What is in this article?:
- Darden faces foodborne illness lawsuit
- Tracking the outbreak
The lawsuit claims that a Dallas Olive Garden restaurant served food tainted with the cyclospora parasite.
Bothand have been linked to a foodborne illness outbreak that the U.S. Food and Drug Administration said was caused by a salad mix that may have been served by the restaurant chains.
As a result, parent company Darden Restaurants Inc. is facing at least one lawsuit and could face several more, according to reports.
The first lawsuit against Darden came from Dallas resident Suzanne Matteis. According to a court filing, Matteis claims she became sick with cyclosporiasis, an intestinal infection caused by a parasite, after dining at an Olive Garden in Addison, Texas.
Matteis is suing for negligence, saying that Olive Garden is required to “conform to a reasonable standard of conduct for the safe storage, handling, preparation, distribution and sale of food product at their restaurant.” In the filing, she claims that she has suffered $15,000 in damages.
Rich Jeffers, a spokesman for Darden Restaurants, said the company is not commenting specifically on the current lawsuit. However, he said, “We do not use Taylor de Mexico farms [products] in Texas.”
According to the Food and Drug Administration, the outbreak of cyclosporiasis in two states — Nebraska and Iowa — has been traced to Taylor Farms de Mexico, S. de R.L. de C.V., a company that makes salad mixes for foodservice use.
“It is not yet clear whether the cases reported from other states are all part of the same outbreak,” the FDA said in a statement. “The investigation of increases cases of cyclosporiasis in other states continues.”
Salads sold in grocery stores, the organization said, have not been implicated in the outbreak.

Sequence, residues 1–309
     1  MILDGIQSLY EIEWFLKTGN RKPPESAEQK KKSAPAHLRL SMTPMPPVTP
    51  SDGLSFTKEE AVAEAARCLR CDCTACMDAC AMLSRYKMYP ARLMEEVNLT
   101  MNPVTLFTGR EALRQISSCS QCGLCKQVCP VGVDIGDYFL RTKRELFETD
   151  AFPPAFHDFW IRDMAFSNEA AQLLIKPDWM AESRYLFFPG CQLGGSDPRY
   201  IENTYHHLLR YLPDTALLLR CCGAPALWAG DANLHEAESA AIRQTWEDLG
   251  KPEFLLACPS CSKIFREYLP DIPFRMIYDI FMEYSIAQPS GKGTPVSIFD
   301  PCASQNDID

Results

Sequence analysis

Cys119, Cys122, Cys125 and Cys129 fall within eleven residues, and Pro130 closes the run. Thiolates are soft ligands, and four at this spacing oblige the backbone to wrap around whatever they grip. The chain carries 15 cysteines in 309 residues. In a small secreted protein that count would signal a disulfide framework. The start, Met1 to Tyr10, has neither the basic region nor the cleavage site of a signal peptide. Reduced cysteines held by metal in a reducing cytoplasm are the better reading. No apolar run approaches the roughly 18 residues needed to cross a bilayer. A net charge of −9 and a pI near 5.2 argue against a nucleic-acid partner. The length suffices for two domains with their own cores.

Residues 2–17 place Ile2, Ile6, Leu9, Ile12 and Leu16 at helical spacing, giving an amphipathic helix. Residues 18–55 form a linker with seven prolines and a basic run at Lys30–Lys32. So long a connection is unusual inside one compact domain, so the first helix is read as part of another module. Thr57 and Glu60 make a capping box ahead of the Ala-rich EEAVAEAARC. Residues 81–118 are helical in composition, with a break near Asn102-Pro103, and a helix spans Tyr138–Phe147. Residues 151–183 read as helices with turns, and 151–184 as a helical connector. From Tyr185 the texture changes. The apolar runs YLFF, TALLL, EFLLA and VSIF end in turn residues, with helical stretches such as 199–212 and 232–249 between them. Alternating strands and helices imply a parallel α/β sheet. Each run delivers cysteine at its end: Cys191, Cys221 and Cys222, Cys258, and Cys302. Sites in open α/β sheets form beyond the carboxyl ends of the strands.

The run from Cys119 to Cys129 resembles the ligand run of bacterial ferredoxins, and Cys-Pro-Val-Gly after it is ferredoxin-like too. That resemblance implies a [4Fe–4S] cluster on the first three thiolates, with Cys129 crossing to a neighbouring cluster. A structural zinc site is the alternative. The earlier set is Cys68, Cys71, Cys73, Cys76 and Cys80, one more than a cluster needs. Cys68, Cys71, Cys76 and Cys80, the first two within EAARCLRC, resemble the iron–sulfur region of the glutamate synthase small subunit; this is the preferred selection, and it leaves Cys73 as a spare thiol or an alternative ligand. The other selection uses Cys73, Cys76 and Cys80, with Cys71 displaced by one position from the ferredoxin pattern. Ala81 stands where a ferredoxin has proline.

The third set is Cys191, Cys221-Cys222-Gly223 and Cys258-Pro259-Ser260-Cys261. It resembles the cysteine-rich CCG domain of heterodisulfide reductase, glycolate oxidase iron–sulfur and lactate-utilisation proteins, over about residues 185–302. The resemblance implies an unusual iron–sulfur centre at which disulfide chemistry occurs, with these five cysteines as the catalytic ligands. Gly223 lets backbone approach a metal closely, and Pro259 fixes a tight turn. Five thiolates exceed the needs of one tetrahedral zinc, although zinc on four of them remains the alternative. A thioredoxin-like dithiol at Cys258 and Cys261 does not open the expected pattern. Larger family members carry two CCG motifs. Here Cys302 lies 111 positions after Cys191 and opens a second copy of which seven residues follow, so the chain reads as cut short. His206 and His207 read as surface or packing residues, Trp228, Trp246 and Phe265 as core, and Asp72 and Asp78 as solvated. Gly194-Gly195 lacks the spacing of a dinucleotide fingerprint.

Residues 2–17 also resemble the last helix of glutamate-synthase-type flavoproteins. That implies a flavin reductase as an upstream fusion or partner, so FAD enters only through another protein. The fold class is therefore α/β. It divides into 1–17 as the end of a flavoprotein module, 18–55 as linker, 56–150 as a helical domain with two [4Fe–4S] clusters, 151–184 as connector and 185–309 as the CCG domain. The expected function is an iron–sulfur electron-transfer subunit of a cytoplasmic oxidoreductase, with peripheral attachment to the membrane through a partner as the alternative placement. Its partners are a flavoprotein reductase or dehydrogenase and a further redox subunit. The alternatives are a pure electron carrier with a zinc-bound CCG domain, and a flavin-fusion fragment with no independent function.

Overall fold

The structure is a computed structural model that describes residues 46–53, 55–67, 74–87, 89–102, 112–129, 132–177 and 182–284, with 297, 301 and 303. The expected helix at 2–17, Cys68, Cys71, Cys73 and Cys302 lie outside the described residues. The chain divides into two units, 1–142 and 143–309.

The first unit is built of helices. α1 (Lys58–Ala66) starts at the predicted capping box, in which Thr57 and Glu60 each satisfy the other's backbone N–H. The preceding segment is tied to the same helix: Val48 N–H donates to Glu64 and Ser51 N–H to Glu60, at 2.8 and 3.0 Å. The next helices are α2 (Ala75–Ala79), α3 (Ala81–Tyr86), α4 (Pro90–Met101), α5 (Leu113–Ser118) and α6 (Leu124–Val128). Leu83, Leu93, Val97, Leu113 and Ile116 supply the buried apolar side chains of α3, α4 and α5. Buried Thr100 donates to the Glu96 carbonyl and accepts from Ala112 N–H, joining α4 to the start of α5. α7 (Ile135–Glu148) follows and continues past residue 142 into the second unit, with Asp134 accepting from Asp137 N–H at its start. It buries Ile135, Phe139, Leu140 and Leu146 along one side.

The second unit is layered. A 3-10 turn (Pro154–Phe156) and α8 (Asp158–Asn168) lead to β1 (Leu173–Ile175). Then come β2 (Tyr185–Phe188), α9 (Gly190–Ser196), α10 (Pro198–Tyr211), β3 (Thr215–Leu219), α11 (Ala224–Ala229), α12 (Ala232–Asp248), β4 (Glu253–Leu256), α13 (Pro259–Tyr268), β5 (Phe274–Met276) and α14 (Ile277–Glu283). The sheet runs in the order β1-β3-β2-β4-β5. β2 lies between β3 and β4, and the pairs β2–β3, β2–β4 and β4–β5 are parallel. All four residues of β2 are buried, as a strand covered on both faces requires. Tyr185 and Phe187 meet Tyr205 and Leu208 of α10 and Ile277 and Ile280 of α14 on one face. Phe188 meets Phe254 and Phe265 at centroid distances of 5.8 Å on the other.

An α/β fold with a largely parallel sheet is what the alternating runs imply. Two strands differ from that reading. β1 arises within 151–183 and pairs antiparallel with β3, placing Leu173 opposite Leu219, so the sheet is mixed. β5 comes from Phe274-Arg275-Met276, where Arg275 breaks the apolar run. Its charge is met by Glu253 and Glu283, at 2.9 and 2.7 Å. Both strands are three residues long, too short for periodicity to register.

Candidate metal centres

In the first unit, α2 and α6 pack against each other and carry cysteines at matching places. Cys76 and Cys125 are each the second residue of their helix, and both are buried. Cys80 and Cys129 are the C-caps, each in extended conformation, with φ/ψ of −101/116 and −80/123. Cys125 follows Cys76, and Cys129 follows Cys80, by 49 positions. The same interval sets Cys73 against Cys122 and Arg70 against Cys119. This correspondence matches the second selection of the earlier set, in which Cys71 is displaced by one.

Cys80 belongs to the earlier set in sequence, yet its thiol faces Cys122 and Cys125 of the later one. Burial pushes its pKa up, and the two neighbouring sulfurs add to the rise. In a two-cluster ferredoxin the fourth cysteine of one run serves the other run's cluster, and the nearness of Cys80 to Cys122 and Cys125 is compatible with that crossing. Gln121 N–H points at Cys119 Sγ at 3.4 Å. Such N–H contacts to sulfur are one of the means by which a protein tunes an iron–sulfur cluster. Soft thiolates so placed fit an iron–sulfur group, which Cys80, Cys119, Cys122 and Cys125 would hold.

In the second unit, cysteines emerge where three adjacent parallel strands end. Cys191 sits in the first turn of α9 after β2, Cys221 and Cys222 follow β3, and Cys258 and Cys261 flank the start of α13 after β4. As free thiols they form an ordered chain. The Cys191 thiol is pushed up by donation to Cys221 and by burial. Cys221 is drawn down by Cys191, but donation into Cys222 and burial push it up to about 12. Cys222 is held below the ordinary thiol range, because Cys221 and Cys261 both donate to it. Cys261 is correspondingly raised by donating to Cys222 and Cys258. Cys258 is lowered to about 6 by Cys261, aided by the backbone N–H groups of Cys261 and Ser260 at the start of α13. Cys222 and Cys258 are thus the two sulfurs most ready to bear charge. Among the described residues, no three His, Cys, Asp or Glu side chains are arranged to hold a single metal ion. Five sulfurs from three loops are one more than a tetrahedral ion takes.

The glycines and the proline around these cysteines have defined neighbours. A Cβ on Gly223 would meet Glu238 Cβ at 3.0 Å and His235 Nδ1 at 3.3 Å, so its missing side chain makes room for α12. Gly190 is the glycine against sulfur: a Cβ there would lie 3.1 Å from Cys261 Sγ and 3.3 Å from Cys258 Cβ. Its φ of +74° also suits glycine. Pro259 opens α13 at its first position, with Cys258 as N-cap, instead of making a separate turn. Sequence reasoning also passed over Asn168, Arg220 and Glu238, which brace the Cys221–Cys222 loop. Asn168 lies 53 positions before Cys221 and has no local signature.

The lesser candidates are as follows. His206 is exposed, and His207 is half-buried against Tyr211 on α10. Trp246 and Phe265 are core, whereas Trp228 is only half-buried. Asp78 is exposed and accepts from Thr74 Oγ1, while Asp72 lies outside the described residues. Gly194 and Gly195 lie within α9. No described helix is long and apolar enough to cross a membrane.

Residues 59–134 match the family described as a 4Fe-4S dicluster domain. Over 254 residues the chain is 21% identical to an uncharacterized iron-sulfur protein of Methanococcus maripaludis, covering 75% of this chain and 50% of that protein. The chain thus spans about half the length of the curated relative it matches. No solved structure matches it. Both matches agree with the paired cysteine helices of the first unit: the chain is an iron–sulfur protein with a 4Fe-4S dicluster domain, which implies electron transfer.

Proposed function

Because the salad mix typically only has a shelf life of 14 days, all of the tainted mix should already be out of the supply chain, the FDA said. The last date someone became ill from this outbreak was July 1 in Iowa and July 2 in Nebraska.
In a statement, Darden Restaurants drove that point home, assuring consumers that it was safe to eat at its Olive Garden and Red Lobster locations. “We have been fully cooperating with the FDA, as well as the Iowa and Nebraska Health Departments, since the beginning of this investigation,” Darden restaurants said in a statement. “Iowa and Nebraska health authorities have said this is not an ongoing outbreak and the product is no longer in the food supply in those states.”
The statement continued, “It is completely safe to eat in our restaurants.”
Taylor Farms said in a statement that it is also “fully cooperating” with the FDA, as well, noting that as recently as 2011, the FDA’s assessment of the company’s implicated facility and operation was “outstanding ‘with no notable issues.’”
In June, the company both made and distributed 48 million salad servings to restaurants in the Midwestern United States, Taylor Farms said. The company’s other 11 North American plants were not implicated in the outbreak, the company said.